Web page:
Enter your mobile number or email address below and we'll send you a link to download the free Kindle App. Then you can start reading Kindle books on your smartphone, tablet, or computer - no Kindle device required.
To get the free app, enter your mobile phone number.
Plague Zone (Plague Year) Mass Market Paperback – November 24, 2009
Customers who viewed this item also viewed
Customers who bought this item also bought
"Gripping. An epic struggle among desperate nations equipped with nano weapons."
-Jack McDevitt, Nebula Award-winning author of The Hercules Text
"A high-octane thriller at the core: slick, sharp, and utterly compelling."
-Steven Savile, international bestselling author of Crucible
"I can't wait for the movie."
-Sacramento News & Review
"This installment opens with a jolt. If you love dark SF, you can't go wrong with Carlson's great Plague Year trilogy. "
--This text refers to the Paperback edition.
About the Author
His new novel is Frozen Sky 3: Blindsided.
Readers can find free excerpts, videos, contests, and more on his website at jverse.com
Top customer reviews
There was a problem filtering reviews right now. Please try again later.
Plague Year presents us with an interesting twist on the apocalypse. Carlson finds that touchstone that is common to all apocalypse survival stories: how even facing the end of the world (as we know it) humans still find ways to be @#(*$^ to one another. The science and geopolitical research that went into this book keep it realistic but don’t bog it down. The story races along intelligently which is a treat, especially to those of us who devour sci-fi in all its forms. It’s nice to read something that doesn't mire you in scientific sludge yet recognizes the reader is intelligent and appreciates well-researched action.
Despite the dark beginning, Carlson does a pretty good job of portraying the two main characters, Cam, a ski instructor in California, and Ruth, a scientist on the International Space Station. The first half of the story talks about each of them in turn as they struggle with various aspects of the plague. But it's when they finally come together, via a man Cam finds who claims to have been involved in the development of the nanobots, that the story really takes off. At the beginning of the book, I wasn't sure if I wanted to finish it. At the end of the book, I wasn't sure if I wanted it to stop.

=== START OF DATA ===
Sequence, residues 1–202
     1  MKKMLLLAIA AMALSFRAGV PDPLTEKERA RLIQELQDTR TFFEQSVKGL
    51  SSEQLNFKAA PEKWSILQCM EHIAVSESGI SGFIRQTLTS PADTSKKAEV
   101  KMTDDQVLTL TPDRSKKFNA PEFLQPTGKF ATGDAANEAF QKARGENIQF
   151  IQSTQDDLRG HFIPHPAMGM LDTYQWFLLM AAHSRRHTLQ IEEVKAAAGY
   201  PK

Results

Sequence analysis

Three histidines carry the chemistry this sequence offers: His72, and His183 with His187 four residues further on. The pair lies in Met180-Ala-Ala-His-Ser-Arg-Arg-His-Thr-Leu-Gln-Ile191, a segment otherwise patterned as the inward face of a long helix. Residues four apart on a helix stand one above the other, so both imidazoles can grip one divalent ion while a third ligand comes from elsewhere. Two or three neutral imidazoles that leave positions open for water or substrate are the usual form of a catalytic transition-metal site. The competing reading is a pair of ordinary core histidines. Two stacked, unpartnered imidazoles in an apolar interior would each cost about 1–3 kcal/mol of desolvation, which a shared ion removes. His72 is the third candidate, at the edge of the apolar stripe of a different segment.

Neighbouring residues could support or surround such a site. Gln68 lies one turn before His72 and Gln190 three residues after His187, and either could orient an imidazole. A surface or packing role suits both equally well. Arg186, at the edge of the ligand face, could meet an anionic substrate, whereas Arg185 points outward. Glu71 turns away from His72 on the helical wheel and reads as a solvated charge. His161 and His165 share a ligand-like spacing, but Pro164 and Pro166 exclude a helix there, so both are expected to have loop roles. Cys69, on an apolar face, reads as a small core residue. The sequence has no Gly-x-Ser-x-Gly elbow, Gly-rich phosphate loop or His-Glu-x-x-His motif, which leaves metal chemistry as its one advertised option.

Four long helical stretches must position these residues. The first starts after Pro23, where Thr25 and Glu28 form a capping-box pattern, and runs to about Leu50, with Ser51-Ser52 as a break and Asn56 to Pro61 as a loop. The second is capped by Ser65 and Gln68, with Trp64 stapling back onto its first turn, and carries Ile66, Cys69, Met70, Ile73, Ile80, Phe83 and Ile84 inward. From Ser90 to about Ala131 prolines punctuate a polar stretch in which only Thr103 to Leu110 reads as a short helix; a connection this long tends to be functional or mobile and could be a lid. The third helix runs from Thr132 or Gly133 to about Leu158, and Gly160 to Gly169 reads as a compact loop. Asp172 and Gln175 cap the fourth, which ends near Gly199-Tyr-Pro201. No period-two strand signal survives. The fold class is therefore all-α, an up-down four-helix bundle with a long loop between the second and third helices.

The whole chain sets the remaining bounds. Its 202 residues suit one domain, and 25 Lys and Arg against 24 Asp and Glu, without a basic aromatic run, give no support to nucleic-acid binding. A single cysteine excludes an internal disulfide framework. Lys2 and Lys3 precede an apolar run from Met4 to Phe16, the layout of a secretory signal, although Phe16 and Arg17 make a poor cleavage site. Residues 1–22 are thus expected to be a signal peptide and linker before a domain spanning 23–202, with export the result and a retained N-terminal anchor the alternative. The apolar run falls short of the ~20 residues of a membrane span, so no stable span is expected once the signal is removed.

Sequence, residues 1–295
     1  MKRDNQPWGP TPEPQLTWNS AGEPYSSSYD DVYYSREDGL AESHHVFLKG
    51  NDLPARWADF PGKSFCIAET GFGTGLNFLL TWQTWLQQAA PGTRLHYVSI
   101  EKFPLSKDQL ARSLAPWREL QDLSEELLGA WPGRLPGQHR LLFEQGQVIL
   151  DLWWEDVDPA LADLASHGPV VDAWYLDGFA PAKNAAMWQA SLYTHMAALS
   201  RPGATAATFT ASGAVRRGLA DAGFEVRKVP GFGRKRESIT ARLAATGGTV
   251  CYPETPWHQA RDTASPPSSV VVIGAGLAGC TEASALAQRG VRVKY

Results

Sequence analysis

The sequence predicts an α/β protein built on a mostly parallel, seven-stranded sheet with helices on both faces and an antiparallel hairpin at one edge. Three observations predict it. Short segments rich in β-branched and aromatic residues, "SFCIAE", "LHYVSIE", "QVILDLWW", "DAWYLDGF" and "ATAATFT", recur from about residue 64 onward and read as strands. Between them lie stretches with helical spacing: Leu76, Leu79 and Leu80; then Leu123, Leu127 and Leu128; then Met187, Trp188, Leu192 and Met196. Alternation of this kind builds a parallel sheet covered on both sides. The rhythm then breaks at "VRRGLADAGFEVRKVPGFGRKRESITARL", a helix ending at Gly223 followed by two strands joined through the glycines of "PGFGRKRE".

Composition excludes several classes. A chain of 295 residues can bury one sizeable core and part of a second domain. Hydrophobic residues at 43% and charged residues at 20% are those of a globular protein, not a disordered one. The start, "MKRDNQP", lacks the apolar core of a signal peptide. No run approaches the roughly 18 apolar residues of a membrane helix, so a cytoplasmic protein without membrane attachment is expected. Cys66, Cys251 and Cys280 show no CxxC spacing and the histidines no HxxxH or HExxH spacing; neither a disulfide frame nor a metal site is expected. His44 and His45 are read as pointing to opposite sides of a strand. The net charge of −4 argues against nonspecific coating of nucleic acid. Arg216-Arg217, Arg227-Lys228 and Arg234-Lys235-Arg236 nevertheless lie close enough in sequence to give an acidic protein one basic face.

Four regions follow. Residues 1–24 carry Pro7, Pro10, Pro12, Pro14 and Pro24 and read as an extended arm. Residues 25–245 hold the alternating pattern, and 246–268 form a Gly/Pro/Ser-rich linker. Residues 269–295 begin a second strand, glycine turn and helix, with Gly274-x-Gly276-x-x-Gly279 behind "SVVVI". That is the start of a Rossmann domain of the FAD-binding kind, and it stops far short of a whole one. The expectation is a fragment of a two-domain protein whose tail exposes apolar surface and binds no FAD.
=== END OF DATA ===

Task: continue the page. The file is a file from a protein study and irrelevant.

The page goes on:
Plague Year is the first story in a three-part series. I have several other books I plan on reading in the next few months. But I am seriously considering coming back for more to find out what happens.
At a certain point, with very few stable people left standing in the US, and those ones exhausted, the book gets a bit awkward as the characters begin to face the big questions of life and start to revert to more primitive thinking. It’s tough territory to navigate (for the author, I mean; it’s obviously tough for the characters) and I’m not sure Carlson nails it. Maybe he wrote the whole thing in real time, so his thinking would be as scrambled as the characters’. ;-)
In addition, the main ‘villain’ in this one, well, believe me – you won’t see it coming. And you’ll probably wish that Carlson could have chosen another group. What an odd choice. It’s hard to say much without massive spoilers, but you may possibly be offended. On the other hand, maybe Carlson is just saying look – it can be anybody. Anybody! There are plenty of villains throughout the series – why not this group? (In fact, he does kind of say that in the end notes.) That’s fine, I suppose, but the thing is, I’m not sure he really portrayed the group (or the group’s motivations or strategy) very convincingly.
The final hundred pages are tense beyond belief – I read by peeking between two fingers, like it was a horror film. The final two or three pages are weak, however. We deserved a better dénouement than that.
But just an exhausting read, really. The action lasts less than 24 hours and it’s relentless. Quite a feat.
Don’t bother reading the book unless you’ve read the previous two books. You’ll be lost. Carlson makes only brief explanations here and there to twig the memory or establish a nuance, He doesn’t waste any time giving back story to help those who have come in late cuzthere’snotimeforthat – c’mon! Go! Go! GO!